That proceeded to be the pattern for the rest of the con then. Leave the room for a while, talk, interact, do panels, then go back to the room and just chill. It made me sad, and a little frustrated with myself, that I was so delicate. However, I wasn’t about to push myself any more than I was either. I couldn’t hurt myself deliberately by not paying attention to how I was feeling — I was hurting enough as it was.

Saturday morning I had no plans. I ran into Aaron. We went for coffee and croissant at L’Etoile then walked around the farmer’s market. While heading back to the hotel, we passed a pottery stall. Aaron spotted a beautiful porcelain bowl that he really liked. I bought it for him and Molly for a wedding present. That’s the best way to get wedding presents I’ve decided — actually going shopping with the couple, and getting them exactly what they want and need.

I had lunch with Michael. Michael is a friend who had wanted to be in the writer’s workshop, in my group. However, the post office lost his manuscript, so he didn’t get in. I read it anyway and we did the critique over lunch. Fortunately, Michael can write at the sentence level, and his paragraphs are mostly well constructed, so we didn’t have to talk about basics. Instead we talked about plot and scene structure and characters and like that. He told me later that I helped him a lot.

Saturday afternoon I had a reading (thank you again Justine!) S. N. Arly read the first part of this fabulous story about a were-woman. I read two short bits — one from “Caves of Buda” and one from “The Jaguar and The Wolf.” Sylvia Kelso read a bit from her new novel coming out in July, and Laurie Marks read the first chapter of her new novel.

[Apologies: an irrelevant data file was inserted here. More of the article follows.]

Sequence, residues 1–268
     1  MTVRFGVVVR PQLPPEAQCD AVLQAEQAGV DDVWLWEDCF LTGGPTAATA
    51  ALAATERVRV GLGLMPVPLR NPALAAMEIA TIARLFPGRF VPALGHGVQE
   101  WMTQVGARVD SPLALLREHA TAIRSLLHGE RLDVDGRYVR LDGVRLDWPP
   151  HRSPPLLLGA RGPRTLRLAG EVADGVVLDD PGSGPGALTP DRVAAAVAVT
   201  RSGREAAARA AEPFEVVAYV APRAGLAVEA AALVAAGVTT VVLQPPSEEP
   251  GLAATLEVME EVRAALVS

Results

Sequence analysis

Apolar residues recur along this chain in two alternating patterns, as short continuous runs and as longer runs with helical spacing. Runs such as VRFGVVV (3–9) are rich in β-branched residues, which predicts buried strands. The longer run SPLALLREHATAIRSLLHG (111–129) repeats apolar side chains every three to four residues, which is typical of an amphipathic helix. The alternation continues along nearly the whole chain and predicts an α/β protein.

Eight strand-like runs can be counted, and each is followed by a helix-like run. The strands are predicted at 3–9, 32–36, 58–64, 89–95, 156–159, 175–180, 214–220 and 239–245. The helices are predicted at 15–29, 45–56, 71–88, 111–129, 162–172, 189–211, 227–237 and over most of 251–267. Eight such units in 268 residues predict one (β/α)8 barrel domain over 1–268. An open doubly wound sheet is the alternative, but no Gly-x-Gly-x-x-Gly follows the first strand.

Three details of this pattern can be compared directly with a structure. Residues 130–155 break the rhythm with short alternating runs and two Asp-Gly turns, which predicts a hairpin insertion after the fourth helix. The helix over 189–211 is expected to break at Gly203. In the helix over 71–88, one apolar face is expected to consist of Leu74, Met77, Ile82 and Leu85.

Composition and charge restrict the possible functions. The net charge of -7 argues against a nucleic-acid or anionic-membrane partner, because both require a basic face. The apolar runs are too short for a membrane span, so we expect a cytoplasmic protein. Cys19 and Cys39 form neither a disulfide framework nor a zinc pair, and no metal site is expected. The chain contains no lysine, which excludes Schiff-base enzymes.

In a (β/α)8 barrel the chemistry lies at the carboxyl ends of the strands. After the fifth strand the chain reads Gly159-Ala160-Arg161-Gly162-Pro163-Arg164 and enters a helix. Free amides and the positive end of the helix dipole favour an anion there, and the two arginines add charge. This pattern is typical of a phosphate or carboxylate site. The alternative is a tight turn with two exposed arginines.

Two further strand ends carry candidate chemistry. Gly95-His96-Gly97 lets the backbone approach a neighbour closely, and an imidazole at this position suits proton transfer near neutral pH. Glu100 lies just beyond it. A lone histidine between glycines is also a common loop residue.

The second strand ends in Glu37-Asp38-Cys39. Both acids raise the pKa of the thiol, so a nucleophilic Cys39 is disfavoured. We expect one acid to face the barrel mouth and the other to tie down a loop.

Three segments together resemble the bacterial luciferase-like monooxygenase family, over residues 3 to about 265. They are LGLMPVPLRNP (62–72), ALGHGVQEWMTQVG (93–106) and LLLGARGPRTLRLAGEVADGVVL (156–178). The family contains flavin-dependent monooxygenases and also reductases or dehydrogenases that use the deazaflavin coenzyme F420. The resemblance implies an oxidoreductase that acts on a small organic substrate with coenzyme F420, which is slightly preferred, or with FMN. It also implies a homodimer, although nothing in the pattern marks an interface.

After that, I met with some people to talk about mid-career writer stuff. It was my first visit up to the Governor’s club. I’ve already made my room reservation up there for next year. (^_^)

After that, I spent some time talking with Kristine about the proposal for her novel — and at one point something made her mind go “click” and I could watch the ideas just pop for her. It was neat.

That night was the auction. I went to that for a while, wandered for a while, and then crashed really early again. (And yes, I’d taken an hour’s long nap during the day, and had spent lots of time alone, decompressing, in the room. I was still in bed before 11.)

Sunday was my busiest day. Had breakfast with Victor, (badger2305) who I adore and who is also someone I’ve known for a long time — since 1984 or ’85, I believe. We went for a short walk after breakfast which was also very good.